Scores: 1 M*
I have to admit that I had barely heard of Angler but after it received a star in the 2014 Michelin guide (see rant) I was curious to see what the fuss was about. Angler is situated in the relatively new South Place Hotel in the city. The hotel is owned by D&D London, formerly named Conran Restaurants, which owns many restaurants around London including Launceston Place. The hotel is a quite cool boutique-y scene with Conran designed interiors. The other restaurant and bar which is on the ground floor was on this evening hosting a private Halloween party so there were a large number of people wandering around the lobby in fancy dress with the thumping of Rihanna or the like in the background. This reminds me of why I have stopped staying at these cool hotels with ‘happening’ lobby bars as when you have just got off a transatlantic flight and your body thinks it is 23:30; it is not fun having to deal with this type of chaos during check in (dam, I am getting old!).
Thankfully Angler is on the top floor of the hotel and was comparably sedate. There is the main restaurant with a small bar on the side which opens out on a drinks terrace. Both the bar and the terrace were lively despite the fact that it was pretty cold night. The restaurant was over half full on this Friday night, perhaps highlighting that Fridays and Saturdays in the city are still not key nights for restaurants. The décor in the restaurant is fairly forgettable and thus at least is inoffensive.
As is name may suggest Angler is predominantly a fish restaurant although there are also a few meat dishes on the menu. Two canapés of bite sized cheese bread were given to us while we looked at the menus. There was a very good value set menu that was available at £25 for 2 or £30 for 3 courses, which on a Friday night at 8 o’clock seemed like a real bargain. Despite this we opted for the main a la carte menu. A starter of yellow fin tuna tartar with lime and chili (£14) was very good, the tuna was decent quality and there was a nice balance of flavours such as lime and sesame running through it, this with the addition of some small wasabi flavoured spots helped bring out the best in the fish. Shellfish ravioli with tomato and chive butter, fennel and ginger slaw (£13.50) was also very good, the pasta thin with a rich meaty filling of prawns, crab etc.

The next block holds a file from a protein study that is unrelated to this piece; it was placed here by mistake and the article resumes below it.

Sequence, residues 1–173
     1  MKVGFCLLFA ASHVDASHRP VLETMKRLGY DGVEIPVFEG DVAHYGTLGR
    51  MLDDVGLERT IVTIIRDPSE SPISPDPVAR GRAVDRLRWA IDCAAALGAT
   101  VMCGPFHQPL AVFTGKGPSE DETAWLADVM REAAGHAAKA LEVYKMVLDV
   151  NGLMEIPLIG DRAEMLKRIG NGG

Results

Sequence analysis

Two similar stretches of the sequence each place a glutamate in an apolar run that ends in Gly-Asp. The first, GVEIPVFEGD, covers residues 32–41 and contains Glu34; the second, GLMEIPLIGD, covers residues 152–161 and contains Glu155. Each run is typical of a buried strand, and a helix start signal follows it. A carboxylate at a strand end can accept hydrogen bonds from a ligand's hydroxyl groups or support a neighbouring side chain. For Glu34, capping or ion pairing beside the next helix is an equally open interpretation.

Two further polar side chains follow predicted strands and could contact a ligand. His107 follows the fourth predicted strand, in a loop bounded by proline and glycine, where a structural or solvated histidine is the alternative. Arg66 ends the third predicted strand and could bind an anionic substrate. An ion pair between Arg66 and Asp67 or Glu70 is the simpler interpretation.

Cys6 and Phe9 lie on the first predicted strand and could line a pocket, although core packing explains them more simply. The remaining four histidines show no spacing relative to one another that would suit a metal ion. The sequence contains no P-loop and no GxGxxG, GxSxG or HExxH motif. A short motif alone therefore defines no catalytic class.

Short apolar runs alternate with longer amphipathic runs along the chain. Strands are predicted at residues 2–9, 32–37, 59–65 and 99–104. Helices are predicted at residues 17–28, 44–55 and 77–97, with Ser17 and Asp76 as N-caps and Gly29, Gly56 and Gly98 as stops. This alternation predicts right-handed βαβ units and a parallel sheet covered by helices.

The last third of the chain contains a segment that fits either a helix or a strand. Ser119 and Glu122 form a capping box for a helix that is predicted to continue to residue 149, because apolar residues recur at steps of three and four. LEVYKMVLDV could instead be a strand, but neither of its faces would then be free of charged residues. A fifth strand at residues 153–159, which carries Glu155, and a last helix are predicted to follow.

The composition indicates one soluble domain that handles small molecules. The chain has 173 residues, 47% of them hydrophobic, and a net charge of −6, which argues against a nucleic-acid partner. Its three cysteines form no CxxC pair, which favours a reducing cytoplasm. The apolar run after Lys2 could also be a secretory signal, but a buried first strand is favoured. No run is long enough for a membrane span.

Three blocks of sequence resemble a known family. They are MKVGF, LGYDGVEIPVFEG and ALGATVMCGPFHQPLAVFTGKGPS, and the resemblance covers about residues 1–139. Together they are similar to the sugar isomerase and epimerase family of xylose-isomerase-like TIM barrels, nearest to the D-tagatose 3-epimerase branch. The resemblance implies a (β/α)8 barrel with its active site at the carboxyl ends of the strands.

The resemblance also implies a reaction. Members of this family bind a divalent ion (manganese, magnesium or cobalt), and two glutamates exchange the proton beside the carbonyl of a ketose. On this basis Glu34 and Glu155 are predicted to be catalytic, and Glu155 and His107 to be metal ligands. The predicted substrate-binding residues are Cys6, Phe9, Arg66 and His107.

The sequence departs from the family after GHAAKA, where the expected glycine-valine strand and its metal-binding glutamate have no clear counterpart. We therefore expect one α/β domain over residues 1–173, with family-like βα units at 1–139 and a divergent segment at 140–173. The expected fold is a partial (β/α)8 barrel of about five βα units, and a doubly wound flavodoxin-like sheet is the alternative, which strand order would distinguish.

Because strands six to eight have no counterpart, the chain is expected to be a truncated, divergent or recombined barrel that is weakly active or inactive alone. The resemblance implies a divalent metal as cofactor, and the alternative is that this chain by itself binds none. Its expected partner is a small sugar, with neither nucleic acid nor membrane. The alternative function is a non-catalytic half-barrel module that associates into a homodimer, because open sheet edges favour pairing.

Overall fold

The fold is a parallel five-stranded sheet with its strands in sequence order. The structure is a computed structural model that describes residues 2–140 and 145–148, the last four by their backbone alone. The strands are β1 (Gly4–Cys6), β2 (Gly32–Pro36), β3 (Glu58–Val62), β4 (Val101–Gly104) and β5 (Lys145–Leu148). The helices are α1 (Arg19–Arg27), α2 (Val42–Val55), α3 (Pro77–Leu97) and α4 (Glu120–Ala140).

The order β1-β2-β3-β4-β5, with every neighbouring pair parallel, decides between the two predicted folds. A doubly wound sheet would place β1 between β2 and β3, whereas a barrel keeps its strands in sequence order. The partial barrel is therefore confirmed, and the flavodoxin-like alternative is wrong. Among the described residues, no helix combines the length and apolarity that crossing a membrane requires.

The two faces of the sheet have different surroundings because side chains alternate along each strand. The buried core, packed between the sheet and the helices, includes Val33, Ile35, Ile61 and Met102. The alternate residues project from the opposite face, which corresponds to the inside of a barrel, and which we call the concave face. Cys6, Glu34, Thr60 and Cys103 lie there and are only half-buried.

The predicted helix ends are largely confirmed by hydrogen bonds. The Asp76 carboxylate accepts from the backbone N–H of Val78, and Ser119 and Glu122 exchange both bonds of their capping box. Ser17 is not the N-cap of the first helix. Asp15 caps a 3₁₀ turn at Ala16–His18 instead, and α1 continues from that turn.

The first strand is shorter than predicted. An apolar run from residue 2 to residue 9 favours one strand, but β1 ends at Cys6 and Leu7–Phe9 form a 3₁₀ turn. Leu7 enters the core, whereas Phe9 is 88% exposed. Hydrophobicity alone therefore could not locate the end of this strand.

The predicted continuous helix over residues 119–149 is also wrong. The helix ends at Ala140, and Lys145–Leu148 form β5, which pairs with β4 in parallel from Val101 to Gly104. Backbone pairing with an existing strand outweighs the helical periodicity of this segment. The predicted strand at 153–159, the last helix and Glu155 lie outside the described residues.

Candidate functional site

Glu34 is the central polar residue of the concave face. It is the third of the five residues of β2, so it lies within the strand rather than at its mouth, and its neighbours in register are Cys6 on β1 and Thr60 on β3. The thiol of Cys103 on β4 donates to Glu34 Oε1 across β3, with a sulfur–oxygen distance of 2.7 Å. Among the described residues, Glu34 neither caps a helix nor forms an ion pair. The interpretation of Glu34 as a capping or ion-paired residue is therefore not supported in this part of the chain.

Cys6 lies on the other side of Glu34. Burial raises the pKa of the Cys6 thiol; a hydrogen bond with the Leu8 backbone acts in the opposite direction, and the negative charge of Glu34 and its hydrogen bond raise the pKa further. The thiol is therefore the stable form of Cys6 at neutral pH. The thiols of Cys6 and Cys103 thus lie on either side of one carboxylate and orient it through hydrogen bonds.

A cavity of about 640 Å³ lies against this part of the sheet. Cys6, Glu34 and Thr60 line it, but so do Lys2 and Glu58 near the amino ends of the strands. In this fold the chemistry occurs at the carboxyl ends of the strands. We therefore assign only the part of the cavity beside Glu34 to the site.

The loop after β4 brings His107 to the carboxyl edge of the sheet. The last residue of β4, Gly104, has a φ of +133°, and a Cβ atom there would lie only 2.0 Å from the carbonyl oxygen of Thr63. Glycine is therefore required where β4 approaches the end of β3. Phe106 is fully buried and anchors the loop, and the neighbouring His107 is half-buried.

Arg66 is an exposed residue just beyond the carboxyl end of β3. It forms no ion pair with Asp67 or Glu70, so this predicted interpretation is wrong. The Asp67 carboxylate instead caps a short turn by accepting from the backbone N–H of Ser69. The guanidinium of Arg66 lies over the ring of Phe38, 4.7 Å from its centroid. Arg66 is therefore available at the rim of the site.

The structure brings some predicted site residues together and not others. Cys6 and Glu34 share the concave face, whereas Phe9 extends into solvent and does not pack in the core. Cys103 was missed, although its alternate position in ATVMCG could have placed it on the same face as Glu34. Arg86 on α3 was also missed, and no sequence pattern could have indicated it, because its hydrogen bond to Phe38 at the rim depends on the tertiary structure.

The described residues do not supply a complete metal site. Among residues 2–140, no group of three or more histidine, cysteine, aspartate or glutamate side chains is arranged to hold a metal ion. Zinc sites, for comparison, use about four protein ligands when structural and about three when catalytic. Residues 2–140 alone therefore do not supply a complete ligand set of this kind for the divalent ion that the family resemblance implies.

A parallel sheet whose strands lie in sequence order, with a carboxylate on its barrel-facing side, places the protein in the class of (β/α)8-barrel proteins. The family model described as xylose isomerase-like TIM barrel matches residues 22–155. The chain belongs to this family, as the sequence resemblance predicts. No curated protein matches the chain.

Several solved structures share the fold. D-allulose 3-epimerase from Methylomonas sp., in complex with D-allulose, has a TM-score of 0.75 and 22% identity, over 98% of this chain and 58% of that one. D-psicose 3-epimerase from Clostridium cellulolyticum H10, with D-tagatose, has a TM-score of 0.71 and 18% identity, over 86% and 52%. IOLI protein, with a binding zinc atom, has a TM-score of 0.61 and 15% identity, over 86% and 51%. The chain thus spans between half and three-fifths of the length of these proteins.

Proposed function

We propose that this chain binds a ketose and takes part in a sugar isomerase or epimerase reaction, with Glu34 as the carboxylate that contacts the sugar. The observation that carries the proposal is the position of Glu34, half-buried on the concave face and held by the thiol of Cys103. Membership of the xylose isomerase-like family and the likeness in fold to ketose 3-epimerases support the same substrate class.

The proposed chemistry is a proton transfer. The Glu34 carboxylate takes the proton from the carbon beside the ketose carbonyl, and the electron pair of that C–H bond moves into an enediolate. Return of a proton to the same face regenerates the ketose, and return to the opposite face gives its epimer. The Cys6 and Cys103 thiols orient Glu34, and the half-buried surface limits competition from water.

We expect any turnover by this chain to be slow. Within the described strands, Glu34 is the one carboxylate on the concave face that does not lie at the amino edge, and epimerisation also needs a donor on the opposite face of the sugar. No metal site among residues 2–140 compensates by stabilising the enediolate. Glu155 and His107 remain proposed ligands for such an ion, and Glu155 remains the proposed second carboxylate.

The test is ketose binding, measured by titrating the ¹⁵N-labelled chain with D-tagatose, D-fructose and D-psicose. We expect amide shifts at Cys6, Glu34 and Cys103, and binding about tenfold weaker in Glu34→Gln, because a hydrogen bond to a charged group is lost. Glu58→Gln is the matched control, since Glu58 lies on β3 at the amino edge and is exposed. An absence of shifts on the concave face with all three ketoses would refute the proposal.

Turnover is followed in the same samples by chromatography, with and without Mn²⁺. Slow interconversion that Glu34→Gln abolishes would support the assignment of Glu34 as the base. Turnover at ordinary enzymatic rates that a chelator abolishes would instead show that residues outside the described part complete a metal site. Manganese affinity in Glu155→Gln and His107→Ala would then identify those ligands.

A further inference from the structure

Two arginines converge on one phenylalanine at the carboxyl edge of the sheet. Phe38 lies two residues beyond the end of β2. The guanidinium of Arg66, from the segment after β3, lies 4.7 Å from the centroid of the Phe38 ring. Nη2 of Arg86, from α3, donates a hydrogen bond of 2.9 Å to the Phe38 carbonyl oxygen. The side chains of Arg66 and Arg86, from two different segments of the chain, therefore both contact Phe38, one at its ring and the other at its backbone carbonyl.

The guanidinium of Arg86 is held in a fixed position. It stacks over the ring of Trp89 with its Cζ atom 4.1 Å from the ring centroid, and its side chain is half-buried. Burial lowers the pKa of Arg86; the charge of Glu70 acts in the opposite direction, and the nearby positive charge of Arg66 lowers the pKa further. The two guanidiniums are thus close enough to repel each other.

Grilled Dover sole (£36) came in a large portion of 500g which was a lot of fish for one person. There were no complaints here; this was a nice piece of fish that was perfectly cooked. Some sauce vierge on the side (hollandaise was also available) was nice. Roast turbot with a ragout of squid, fennel puree and sea purslane (£27.50) was a decent dish. The turbot was cooked well and the ragout of squid was tender with plenty of flavour. A side of Spinach (£3.95) was fine.
The service was good overall, apart from the ‘I can’t get anyone to get me the bill problem’ LINK. This was a good meal and this is a welcome addition to the city area which has finally gotten a few restaurants which are actually worth travelling to. However, this is no better than Scotts, J Sheekey or One-O-One, which are restaurants that the guide has ignored for years, although perhaps the dishes are slightly more ambitious than those at the first two.